Shibucho (Los Angeles, CA)

Shibucho
3114 Beverly Blvd
Los Angeles, CA 90057
Dining date: 7/24/13

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My friend and I decided to get dinner together with two particular stipulations: that it be sushi-centric and that it be a place neither of us had been to. Finding it difficult to find the ideal restaurant that fit these needs, we turned to Yelp for help. Shibucho ended up being the choice due to its 4-star rating and proximity to downtown. While we should’ve been suspicious of the only 52 Yelp reviews at the time of dinner, Shibucho sounded like a pioneering hidden gem. It’s been serving traditional sushi (no California rolls) in a very unexpected location (Westlake) for 37 frickin’ years (pre-dating Matsuhisa by over a decade). We figured it had to be doing something right. Wrong.

After the meal, my friend said it was the worst meal of the century. I’m not ready to make that claim, but I haven’t yet thought of a worse combination of experience and cost in the past 12.5 years. It was that bad.

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Nozawa Bar at SUGARFISH (Beverly Hills, CA)

Nozawa Bar
SUGARFISH Beverly Hills
212 North Canon Dr
Beverly Hills, CA 90210
Dining date: 5/18/13

nozawa bar menu

SUGARFISH, the streamlined sushi concept from Nozawa, has been rapidly expanding across LA since opening its first location in Marina Del Rey five years ago. This Beverly Hills location is the 6th in the chain (a 7th in Calabasas is already planned with rumors of a NYC project next year), though this one’s not quite like the others. This location is home to something called the Nozawa Bar, a reservation-only 10-seat sushi bar in the back of the restaurant serving an omakase-only menu of various sushi/sashimi. Whereas SUGARFISH focuses on more of the “typical” cuts of fish, the Nozawa Bar promises a more adventurous foray into sushi with its ~20 course meal. Another big difference is that the sushi is prepared right in front of the diner (like a typical sushi bar) rather than in the back (something all SUGARFISH locations share).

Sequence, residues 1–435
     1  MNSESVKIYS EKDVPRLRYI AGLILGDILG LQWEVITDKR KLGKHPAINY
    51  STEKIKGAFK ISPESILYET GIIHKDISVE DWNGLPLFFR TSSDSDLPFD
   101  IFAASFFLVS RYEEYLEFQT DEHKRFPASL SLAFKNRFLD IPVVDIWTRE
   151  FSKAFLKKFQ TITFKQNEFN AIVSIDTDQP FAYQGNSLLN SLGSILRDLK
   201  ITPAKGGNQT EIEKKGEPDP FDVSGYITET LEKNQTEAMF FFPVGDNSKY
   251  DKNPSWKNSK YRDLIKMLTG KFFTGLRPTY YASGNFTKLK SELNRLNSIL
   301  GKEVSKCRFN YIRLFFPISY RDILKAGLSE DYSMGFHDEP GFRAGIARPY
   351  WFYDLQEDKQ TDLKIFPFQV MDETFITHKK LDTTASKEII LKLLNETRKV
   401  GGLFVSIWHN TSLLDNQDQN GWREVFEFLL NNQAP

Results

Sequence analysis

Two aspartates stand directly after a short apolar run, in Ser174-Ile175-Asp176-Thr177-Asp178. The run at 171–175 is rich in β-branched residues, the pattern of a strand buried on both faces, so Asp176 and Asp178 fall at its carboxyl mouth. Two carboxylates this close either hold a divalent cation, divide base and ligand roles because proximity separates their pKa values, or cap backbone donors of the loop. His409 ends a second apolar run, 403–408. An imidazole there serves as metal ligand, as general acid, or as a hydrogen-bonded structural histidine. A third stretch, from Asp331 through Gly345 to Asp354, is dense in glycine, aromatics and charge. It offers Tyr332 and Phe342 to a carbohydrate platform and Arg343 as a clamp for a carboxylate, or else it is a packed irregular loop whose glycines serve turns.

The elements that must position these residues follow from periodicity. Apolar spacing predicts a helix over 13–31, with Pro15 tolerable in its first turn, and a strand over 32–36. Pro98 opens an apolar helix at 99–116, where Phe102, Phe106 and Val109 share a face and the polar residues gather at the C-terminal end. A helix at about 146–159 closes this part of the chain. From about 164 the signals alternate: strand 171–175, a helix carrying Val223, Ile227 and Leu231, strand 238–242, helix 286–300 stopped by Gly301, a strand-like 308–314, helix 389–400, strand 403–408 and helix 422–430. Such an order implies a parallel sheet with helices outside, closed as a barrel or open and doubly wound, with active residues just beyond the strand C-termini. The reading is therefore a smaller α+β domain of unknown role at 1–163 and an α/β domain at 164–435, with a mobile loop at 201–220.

sugarfish exterior

Lunch and dinner reservations are taken online only (here), at $130 and $150 per meal, respectively. Having never been to Nozawa I was excited to dine here, which seems like the closest thing still in existence (though, a completely different concept). This would also be my first true omakase sushi experience since returning from Japan late last year.

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Sushi Dai (Tokyo, Japan)

Sushi Dai
Tsukiji Fish Market
5-2-1 Tsukiji, Chuo-ku, Tokyo 104-0045
Dining date: 11/21/12

outside sushi dai

I’d heard much about Sushi Dai well before coming to Japan, the super-popular sushi shop at Tokyo’s Tsukiji Fish Market. The stories are almost legendary, talking about the early mornings, long lines and exceptionally fresh fish mere yards away from the fish auction itself. I attempted to eat at Sushi Dai in each of my first two days of the trip; on the first we opted for Sushi Daiwa’s much shorter wait and on the second, I gave up on waiting the estimated four hours for a seat. The third time was a charm – I had the opportunity to dine here on my last day in Japan.

Three of us woke up at 5am on a Wednesday for a short cab ride through the still-dark Tokyo streets to Tsukiji. We were still met with a line, albeit a relatively short one, and braved the cold.